Behind the Bar with Jamien Tomlinson
Jamien Tomlinson of Local Icon Hospitality brings a fresh face to Raleigh’s cocktail scene. Catch him at Little City Brewing, Architect, The Green Light and other Local Icon locations.
How did you find your way to bartending?
It was a pretty easy road. I always had this huge interest in bourbon, and my two best friends, Kyle, Levi, and I all worked at the same craft cocktail bar. I was a cocktail server at the time, and Levi was the bar manager. I begged him for months to give me a chance. Out of desperation, they threw me behind the stick. The rest has been history.
You’re from Kentucky. What made you come to Raleigh?
I really like Raleigh. I met [owner of Local Icon Hospitality] Jon Seelbinder and was doing a little consulting on a menu for him over at Virgil’s. I mentioned I was ready for something new and I’ve been the beverage director for all locations since.
What’s it like growing up in a place with historical distilling roots?
I’d be lying if I told you it wasn’t awesome. We’ve got a lot of rich history, a lot of bourbon money and a hell of a lot of talented folks. It’s the perfect storm. Heaven is a place in Kentucky.
What exactly is your role at Local Icon?
That depends on the day. I wear many hats. Right now, I’m the beverage director for Architect, The Green Light, Little City Brewing Company, Virgil’s and Level Up. My main jobs are to make sure our cost of goods look great, our bartenders are performing and I’m writing menus to bring fresh ideas to our group.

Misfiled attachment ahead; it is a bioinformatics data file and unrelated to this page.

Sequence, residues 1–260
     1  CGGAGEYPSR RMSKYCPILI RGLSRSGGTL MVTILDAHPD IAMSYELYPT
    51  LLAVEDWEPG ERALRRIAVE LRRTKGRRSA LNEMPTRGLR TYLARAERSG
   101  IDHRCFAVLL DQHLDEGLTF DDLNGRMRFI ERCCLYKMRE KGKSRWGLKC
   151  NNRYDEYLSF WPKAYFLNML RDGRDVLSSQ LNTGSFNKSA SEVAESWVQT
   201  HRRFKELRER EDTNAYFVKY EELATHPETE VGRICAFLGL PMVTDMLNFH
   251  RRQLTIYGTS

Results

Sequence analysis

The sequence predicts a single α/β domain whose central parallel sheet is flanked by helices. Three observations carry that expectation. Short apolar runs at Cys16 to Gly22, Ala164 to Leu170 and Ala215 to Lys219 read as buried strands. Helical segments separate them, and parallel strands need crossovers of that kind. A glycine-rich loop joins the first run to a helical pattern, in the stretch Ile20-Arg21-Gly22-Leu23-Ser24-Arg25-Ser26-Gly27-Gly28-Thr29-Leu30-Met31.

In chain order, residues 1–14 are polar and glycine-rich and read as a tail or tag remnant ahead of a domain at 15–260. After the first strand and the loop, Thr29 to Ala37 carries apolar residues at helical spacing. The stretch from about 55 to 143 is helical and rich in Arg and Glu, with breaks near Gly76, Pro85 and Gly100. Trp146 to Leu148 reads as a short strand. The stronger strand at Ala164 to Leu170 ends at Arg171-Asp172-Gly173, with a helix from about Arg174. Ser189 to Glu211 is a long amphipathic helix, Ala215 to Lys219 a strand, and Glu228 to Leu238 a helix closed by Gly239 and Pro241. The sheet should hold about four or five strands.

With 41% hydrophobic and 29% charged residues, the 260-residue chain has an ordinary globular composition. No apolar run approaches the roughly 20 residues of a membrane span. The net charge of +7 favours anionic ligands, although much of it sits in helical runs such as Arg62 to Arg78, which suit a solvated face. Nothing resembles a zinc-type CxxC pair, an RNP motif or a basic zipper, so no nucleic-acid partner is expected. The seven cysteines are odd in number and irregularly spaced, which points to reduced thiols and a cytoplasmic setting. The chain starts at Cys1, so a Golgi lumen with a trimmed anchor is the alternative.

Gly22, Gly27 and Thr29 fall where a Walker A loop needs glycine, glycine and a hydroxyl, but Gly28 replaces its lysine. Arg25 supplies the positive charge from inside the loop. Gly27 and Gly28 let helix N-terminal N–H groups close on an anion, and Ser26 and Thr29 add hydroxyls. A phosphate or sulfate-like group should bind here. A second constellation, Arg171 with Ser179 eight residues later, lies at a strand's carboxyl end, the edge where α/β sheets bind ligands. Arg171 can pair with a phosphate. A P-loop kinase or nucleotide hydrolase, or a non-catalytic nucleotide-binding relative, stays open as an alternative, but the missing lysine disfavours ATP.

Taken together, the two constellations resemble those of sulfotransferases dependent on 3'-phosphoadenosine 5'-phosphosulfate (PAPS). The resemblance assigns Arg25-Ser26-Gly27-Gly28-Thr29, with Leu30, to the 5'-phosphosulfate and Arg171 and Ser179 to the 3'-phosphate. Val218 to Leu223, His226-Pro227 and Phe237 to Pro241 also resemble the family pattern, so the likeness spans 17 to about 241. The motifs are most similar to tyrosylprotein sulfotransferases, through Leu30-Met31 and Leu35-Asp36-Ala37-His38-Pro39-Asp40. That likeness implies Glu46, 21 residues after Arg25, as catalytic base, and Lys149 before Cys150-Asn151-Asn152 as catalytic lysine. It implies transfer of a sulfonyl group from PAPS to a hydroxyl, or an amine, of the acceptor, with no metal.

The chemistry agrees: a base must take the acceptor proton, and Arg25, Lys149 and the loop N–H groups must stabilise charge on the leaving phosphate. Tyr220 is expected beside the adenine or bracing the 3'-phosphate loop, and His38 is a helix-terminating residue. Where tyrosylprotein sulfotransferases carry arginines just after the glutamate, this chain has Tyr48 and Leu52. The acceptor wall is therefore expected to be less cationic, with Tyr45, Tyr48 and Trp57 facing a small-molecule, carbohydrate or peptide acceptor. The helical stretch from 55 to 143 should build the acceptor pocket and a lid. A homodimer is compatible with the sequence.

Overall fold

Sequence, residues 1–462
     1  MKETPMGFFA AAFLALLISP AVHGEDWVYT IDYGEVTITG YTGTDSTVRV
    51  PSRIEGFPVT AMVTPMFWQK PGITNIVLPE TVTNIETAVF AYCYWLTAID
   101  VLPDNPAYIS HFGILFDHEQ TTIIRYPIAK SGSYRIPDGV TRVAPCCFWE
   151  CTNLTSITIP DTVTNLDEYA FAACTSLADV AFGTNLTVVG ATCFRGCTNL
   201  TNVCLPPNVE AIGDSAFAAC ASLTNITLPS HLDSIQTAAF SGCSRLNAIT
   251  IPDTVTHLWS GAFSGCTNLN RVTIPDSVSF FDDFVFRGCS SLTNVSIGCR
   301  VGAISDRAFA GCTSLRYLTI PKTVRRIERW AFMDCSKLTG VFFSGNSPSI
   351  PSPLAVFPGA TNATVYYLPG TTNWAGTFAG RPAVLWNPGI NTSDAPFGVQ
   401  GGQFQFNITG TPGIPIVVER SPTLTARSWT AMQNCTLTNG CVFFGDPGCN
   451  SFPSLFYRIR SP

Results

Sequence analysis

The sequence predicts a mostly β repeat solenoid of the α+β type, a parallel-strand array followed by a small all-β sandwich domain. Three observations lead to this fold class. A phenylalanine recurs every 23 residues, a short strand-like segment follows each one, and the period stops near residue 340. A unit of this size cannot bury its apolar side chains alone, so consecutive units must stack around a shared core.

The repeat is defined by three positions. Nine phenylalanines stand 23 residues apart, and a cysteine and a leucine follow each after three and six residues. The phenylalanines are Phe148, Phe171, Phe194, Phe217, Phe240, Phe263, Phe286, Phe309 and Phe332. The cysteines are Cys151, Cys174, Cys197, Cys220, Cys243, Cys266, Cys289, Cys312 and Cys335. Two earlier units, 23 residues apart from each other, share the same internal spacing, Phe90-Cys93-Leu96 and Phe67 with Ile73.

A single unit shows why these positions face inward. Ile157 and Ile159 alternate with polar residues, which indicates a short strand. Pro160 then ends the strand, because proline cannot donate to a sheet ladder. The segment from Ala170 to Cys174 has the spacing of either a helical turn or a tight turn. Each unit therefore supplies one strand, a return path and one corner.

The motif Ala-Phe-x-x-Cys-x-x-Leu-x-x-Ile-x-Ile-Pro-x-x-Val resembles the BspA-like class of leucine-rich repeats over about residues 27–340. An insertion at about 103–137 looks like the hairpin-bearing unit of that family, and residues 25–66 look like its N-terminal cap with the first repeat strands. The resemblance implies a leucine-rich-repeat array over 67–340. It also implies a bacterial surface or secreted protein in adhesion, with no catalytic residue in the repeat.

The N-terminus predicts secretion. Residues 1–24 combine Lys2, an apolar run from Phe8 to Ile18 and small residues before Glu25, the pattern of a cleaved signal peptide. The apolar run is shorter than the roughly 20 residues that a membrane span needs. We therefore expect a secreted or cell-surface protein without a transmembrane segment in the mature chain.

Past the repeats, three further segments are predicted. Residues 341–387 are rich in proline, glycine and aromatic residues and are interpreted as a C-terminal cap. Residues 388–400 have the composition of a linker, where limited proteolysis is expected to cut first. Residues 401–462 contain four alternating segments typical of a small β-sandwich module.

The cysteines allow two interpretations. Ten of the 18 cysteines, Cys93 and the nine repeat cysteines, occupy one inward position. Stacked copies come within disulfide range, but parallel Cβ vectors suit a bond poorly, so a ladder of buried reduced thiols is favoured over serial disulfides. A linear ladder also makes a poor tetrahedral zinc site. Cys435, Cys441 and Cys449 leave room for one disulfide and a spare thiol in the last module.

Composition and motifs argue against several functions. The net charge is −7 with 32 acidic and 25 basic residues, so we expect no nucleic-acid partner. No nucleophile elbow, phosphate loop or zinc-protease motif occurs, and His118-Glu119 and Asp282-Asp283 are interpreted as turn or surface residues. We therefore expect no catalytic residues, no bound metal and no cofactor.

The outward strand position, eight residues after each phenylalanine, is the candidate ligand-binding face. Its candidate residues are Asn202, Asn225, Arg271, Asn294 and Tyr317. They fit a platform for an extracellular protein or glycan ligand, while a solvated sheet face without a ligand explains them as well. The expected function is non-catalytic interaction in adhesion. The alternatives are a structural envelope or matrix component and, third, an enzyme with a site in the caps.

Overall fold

What inspires your cocktails?
This is a fun question. I used to pull a lot of it out of memories. My first cocktail I created because I wanted something to remind me of these awesome brown sugar cookies that my grandma used to make me as a child. Now, I just have fun with it and try to bring as many fun and exciting flavors as I can.
What are you like behind the bar?
Knowledgeable, borderline arrogant but really relaxed.
What do customers need to know?
When I ask you how you’re doing, “Old Fashioned” shouldn’t be a proper greeting.
Is here such thing as a “Bartender’s Handshake”? What is it?
Ah, the old shot of Fernet. Fernet is a bitter, evanescent, Italian amaro. It tastes a little like toothpaste, but once you get the hang of it, it’s like riding a bike. Order one in a bar, and I bet the bartender will ask you where you work.
What kinds of concepts/cocktails do you foresee becoming the next big thing?
Things will get just a bit simpler. Syrups will be a bit more complicated but we will see fewer ingredients.
What has bartending taught you?
In the great words of Doug Coughlin from the movie “Cocktail:” “Anything else is always something better.”
Bartenders can seem like a transient culture of people constantly searching for something more and living against the conventional grain. Do you agree?
I agree with this, but I feel like that’s anyone in this world. We as humans are always searching for the next big thing. Bartenders aren’t any different.